There are two compartments in a glow stick. The outer compartment holds dye and a chemical called diphenyl oxalate, and the inner glass vial hold hydrogen peroxide. When you crack the stick (and shake it up to mix the chemicals), the peroxide reacts with the diphenyl oxalate. This breaks down diphenyl oxalate into phenol (which doesn't do anything else) and a molecule named 1,2-dioxetanedione. Dioxetanedione is very unstable and breaks down spontaneously, at a relatively constant rate. When it breaks down, it releases energy. This energy excites the dye molecules, causing them to release light. The design of these is pretty ingenious - dioxetanedione is unstable, but diphenyl oxalate is very stable, so it will keep for a long time until it is exposed to the peroxide and the reaction starts. The rate at which dioxetanedione is constant, so there is a long-lasting, consistent light until it is all used up.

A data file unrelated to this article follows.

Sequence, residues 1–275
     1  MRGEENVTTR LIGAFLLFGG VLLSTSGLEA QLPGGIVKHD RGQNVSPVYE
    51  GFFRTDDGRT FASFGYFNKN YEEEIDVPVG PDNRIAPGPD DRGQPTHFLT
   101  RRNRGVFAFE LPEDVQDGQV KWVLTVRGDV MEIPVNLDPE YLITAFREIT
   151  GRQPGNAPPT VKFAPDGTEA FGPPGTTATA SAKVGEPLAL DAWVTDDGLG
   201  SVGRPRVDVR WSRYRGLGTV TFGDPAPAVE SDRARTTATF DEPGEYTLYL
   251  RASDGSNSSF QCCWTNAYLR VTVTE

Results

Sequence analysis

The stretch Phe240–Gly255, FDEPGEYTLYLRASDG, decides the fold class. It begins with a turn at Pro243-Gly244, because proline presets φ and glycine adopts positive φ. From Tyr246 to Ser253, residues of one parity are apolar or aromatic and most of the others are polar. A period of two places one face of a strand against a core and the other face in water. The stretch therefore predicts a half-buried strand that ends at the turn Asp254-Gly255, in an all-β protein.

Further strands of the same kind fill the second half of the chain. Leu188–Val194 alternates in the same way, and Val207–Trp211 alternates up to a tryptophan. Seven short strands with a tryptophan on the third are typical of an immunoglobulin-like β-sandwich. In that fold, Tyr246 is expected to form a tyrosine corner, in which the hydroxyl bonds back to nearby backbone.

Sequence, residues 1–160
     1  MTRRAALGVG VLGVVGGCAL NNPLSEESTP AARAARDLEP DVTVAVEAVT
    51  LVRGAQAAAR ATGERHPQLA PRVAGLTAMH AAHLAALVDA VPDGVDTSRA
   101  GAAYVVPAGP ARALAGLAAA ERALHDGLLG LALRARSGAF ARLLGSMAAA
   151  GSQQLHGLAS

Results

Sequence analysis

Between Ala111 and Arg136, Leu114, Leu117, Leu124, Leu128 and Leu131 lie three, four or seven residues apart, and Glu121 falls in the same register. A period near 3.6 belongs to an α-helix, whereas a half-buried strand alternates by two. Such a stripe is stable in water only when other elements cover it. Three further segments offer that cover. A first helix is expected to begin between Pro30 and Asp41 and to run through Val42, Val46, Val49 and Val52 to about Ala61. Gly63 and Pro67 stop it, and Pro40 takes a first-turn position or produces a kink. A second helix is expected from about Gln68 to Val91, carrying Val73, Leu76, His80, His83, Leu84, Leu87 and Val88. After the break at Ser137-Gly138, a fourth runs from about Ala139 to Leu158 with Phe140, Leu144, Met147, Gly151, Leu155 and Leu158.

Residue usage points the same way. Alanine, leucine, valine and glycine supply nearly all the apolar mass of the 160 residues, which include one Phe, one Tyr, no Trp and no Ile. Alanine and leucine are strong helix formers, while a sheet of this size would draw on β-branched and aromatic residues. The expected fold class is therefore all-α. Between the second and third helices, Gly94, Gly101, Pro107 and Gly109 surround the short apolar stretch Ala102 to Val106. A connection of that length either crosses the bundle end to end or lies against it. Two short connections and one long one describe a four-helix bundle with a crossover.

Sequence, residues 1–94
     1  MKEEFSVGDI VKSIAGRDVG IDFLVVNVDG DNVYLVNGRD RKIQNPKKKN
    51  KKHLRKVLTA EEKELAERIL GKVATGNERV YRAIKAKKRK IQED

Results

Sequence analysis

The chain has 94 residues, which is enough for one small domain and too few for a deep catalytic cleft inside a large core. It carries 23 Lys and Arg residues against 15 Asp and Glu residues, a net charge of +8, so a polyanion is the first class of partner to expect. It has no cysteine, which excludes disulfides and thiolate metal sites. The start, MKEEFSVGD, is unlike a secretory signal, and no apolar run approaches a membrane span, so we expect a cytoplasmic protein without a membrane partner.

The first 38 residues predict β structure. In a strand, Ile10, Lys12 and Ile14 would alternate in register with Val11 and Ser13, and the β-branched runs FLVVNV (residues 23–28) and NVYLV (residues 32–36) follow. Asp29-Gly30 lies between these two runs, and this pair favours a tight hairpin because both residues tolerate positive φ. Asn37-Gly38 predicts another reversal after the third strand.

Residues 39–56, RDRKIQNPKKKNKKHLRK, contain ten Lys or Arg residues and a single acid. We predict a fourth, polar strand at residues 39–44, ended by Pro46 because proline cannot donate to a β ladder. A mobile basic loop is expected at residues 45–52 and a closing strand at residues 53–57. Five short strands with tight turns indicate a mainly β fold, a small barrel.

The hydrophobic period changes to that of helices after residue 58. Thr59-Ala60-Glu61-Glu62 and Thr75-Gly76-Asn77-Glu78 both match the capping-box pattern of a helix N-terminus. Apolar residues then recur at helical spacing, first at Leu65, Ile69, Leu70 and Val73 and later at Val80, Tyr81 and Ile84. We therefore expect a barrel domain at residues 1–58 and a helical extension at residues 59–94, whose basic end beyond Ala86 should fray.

Because the light is produced by a chemical reaction, you can speed it up by heating the stick (this causes the molecules to move and interact more quickly, so the diphenyl oxalate breaks down faster). When you speed it up, the light is brighter but the chemicals are used up faster. Likewise, you can slow the reactions down (and make the light dimmer but last longer) with cold.
Glow sticks are also called "cyalume" sticks, because cyalume is the trademarked name for diphenyl oxalate.
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p.s. if you want to play with heating and cooling glow sticks, be careful - they can melt, and microwaving one would be a very bad idea.
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